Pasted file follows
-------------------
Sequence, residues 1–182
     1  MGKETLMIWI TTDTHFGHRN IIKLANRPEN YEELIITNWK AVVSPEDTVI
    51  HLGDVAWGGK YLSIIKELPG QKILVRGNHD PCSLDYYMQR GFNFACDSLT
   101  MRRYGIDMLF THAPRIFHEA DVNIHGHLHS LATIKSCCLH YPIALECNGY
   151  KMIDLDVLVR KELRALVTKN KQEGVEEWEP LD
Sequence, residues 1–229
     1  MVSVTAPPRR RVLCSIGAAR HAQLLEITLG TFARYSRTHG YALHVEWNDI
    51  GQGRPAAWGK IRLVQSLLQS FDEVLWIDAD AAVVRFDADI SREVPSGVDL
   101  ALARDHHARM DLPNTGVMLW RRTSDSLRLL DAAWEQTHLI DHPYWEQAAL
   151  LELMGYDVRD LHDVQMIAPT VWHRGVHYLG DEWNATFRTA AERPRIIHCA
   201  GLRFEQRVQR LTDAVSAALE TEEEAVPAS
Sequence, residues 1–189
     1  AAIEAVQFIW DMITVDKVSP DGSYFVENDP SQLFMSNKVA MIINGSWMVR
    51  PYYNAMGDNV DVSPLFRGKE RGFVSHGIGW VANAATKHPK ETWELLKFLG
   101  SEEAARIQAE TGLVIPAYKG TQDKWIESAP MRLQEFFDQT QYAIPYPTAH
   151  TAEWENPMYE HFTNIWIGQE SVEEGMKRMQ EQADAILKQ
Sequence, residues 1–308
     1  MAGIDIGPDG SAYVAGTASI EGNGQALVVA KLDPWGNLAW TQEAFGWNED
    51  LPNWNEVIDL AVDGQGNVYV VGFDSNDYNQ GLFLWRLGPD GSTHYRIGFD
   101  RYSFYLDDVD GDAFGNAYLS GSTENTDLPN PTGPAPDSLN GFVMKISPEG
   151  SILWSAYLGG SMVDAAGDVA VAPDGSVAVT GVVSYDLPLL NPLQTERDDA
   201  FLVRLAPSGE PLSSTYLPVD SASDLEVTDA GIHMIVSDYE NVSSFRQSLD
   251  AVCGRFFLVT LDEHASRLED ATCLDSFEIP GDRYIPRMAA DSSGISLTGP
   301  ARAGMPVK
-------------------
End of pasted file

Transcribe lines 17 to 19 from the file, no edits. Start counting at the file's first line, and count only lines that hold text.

Sequence, residues 1–308
     1  MAGIDIGPDG SAYVAGTASI EGNGQALVVA KLDPWGNLAW TQEAFGWNED
    51  LPNWNEVIDL AVDGQGNVYV VGFDSNDYNQ GLFLWRLGPD GSTHYRIGFD